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DFES secures large air tanker after ‘second hottest year on record’ to bring more bushfires

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Caleb RuncimanThe West Australian
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Fire crews are bracing for an increased autumn bushfire risk.
Camera IconFire crews are bracing for an increased autumn bushfire risk. Credit: Supplied

Firefighters have temporarily secured a large air tanker, with a hot and dry summer increasing the risk of dangerous bushfires through autumn.

The Department of Fire and Emergency Services says parts of WA’s South West experienced the “second hottest year on record” last year and will enter autumn with the landscape drier than usual.

The next three months are forecast to bring even more hot and dry conditions, opening up a higher possibility of bushfire, according to the Australasian Fire Authorities Council’s latest seasonal bushfire outlook.

DFES says parts of the West Kimberley are also drier than usual, reducing the opportunity for prescribed burns.

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The large air tanker will stay in WA until March 27, while several helicopters will be made available to firefighters until April.

Emergency services have responded to 3757 bushfires since October, including the Wanneroo blazes that destroyed 18 homes.

It comes as DFES Deputy Commissioner Craig Waters revealed almost half of all fires throughout the State have been classed as suspected arson.

“The stats on deliberately lit fires hasn’t really changed much in the last 10 or 15 years, it hovers around 40 to 45 per cent mark around suspicious deliberate fires,” Mr Waters said.

“What has occurred this year, with WA Police’s Strike Force Vulcan, they have had a number of prosecutions in relation to deliberately fighting fires.”

DFES says that the rate of bushfires had increased by 33 per cent compared to the 2022-2023 bushfire season — when 2816 bushfires were recorded October and February 24, 2023.

More than 30 bushfires have been classed as an emergency since October, including the Parkerville, Cockburn and Bibra Lake fires.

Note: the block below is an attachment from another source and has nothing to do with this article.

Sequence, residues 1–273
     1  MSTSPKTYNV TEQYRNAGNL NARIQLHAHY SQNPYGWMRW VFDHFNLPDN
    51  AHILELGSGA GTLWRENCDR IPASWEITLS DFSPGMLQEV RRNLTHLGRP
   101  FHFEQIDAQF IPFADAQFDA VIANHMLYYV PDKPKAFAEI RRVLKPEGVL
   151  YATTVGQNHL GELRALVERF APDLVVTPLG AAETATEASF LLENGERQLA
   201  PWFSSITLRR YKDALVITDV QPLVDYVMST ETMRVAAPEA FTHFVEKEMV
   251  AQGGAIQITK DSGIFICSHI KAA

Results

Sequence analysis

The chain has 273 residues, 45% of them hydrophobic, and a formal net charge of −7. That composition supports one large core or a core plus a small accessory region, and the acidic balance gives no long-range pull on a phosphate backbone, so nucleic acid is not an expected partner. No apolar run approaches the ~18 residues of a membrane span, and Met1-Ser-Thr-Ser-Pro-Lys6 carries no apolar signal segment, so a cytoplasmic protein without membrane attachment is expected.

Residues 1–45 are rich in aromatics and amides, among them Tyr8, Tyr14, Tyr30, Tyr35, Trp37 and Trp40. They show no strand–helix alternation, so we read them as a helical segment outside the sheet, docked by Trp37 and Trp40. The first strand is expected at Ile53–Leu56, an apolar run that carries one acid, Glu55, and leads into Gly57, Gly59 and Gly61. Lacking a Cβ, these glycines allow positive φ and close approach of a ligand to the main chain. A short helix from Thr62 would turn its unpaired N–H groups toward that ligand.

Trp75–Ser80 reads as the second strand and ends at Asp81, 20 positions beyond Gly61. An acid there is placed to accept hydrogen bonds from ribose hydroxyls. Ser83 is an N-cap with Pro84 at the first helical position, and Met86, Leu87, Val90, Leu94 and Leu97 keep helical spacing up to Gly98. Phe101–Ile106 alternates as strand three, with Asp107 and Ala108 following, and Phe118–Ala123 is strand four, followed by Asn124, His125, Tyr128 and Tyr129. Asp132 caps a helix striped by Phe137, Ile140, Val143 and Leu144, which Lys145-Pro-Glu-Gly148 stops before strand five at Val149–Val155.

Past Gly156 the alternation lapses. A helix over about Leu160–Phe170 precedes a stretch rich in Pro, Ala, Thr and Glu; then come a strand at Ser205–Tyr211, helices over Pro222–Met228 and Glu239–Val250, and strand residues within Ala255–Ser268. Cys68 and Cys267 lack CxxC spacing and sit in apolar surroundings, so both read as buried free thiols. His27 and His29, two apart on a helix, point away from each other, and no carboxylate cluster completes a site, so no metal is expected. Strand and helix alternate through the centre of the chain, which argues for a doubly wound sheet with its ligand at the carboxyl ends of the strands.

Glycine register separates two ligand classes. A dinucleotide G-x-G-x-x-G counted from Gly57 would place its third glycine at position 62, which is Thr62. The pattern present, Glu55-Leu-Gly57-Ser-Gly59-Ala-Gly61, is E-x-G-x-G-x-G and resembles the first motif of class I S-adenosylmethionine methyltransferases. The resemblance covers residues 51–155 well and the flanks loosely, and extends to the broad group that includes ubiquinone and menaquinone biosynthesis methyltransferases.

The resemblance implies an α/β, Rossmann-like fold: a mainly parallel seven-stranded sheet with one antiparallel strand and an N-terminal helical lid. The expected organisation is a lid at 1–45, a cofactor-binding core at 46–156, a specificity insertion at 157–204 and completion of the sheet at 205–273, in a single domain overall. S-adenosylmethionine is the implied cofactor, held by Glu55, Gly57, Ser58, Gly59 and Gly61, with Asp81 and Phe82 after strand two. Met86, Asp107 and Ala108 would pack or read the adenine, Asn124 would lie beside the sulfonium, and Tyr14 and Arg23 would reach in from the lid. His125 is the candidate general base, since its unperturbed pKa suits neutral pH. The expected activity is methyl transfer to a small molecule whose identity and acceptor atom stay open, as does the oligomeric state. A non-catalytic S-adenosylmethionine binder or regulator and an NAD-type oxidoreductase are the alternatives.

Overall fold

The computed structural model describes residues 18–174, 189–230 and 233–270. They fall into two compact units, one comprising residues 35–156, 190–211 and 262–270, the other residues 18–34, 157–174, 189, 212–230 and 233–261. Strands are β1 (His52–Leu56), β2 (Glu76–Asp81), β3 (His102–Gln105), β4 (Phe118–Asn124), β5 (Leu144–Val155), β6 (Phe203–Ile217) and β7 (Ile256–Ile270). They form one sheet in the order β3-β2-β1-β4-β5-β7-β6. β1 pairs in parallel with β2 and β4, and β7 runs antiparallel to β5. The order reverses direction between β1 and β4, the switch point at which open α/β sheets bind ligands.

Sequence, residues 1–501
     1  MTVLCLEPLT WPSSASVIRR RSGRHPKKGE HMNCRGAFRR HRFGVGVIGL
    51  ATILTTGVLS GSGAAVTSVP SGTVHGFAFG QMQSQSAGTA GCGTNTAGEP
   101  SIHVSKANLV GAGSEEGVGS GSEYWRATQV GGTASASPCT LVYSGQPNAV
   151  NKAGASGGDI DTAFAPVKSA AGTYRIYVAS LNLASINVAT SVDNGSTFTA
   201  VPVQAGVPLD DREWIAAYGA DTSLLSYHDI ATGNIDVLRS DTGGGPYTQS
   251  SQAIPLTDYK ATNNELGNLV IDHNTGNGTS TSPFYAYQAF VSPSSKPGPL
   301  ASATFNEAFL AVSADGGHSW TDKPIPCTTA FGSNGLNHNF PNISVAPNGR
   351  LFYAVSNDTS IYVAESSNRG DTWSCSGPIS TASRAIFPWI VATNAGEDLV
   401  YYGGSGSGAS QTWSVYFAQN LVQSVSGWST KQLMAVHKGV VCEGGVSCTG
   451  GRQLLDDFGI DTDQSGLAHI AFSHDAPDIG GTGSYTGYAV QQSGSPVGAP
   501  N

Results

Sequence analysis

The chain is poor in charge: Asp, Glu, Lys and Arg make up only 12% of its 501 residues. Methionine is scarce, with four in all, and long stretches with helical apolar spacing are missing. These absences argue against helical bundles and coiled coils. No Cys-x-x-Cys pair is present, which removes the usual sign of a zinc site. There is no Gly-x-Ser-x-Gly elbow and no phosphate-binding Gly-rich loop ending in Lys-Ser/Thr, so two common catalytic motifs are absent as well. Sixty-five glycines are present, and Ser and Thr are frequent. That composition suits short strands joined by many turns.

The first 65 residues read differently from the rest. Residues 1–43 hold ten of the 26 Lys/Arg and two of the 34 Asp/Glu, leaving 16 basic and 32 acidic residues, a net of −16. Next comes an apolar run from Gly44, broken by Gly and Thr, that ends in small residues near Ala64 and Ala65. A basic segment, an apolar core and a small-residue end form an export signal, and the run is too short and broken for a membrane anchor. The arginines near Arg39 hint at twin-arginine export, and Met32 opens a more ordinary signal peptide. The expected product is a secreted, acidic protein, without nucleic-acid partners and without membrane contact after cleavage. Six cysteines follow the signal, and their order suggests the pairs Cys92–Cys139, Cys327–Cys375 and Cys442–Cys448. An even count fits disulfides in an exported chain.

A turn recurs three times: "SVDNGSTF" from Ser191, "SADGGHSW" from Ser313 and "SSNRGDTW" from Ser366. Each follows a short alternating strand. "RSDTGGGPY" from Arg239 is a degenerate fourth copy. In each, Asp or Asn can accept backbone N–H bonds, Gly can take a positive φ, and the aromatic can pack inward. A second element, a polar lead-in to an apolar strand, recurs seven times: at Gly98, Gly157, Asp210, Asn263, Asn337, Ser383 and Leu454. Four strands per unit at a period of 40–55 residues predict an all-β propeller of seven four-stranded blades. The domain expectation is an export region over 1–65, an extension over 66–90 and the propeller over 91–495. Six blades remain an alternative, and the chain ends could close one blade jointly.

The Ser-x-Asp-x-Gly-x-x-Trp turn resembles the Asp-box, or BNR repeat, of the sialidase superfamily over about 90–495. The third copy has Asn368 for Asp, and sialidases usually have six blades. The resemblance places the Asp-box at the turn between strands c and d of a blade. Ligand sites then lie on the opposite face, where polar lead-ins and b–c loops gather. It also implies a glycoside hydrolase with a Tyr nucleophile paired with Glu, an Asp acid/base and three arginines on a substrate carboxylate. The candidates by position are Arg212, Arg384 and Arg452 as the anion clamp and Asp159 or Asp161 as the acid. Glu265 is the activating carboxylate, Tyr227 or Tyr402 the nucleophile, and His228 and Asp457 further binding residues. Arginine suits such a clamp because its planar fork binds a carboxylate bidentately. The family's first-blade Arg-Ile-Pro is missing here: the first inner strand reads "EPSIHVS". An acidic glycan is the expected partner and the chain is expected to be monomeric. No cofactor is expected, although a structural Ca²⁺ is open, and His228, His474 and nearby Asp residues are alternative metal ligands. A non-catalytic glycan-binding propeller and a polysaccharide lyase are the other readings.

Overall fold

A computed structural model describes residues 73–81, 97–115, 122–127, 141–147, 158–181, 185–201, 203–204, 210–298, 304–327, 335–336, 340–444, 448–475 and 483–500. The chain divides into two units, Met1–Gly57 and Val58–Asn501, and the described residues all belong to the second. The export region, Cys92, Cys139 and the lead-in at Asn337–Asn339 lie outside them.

Mr Waters added that soil moisture levels this bushfire season have been low compared to the five-year average.

“We’ve seen now for probably in the last three or four fire seasons, not only an increase in the number of fires that are occurring but also an increase in the intensity and ferocity of the fires are actually developing.”

DFES Commissioner Darren Klemm said it was alarming that only 1.5 per cent of the community had prepared a bushfire plan considering most of the State is at risk.

“The most severe heat may be gone, but the bushfire risk hasn’t. We have also extended our ’Got 15 minutes to burn?’ advertising campaign into autumn because we want to see every Western Australian household well prepared with a plan so they can stay safe in an emergency,” he said.

“It is critical that every household has their bushfire plan ready that outlines key decisions for your family including when you will leave, where you will go and what to take.

“There are still only 1.5 per cent of households with a recorded bushfire plan compared to 93 per cent of the State that is bushfire prone.

“It only takes 15 minutes to make those lifesaving decisions using the My Bushfire Plan app or website.”

DFES says 19,376 bushfire plans have been completed while 39,450 have not been finished.

Mr Klemm thanked thousands of firefighters who have helped respond to 3757 incidents during the “long” and “challenging” bushfire season since October.

“DFES’ aerial fleet has flown more than 1640 hours across 152 incidents, dropping 12,262,946 litres of water and retardant on firegrounds,” he said.

“Recent fires in Kwinana, Gwelup and Bibra Lake have been a timely reminder that bushfires do occur in suburban area.”

In November, 18-year-old volunteer firefighter Harry Stead died while fighting a fire in Esperance.

It is understood he fell from a private firefighting vehicle.

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